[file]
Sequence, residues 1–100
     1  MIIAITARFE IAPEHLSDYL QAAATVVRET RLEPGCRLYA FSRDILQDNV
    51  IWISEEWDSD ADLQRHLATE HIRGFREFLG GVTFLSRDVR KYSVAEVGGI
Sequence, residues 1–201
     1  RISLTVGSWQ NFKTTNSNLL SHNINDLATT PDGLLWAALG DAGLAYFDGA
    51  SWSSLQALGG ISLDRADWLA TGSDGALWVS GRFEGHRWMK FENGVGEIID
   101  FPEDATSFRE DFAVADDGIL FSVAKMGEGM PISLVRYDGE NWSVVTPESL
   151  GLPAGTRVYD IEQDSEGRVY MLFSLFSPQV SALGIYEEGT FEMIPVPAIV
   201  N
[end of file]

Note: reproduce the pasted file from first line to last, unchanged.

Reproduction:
Sequence, residues 1–100
     1  MIIAITARFE IAPEHLSDYL QAAATVVRET RLEPGCRLYA FSRDILQDNV
    51  IWISEEWDSD ADLQRHLATE HIRGFREFLG GVTFLSRDVR KYSVAEVGGI
Sequence, residues 1–201
     1  RISLTVGSWQ NFKTTNSNLL SHNINDLATT PDGLLWAALG DAGLAYFDGA
    51  SWSSLQALGG ISLDRADWLA TGSDGALWVS GRFEGHRWMK FENGVGEIID
   101  FPEDATSFRE DFAVADDGIL FSVAKMGEGM PISLVRYDGE NWSVVTPESL
   151  GLPAGTRVYD IEQDSEGRVY MLFSLFSPQV SALGIYEEGT FEMIPVPAIV
   201  N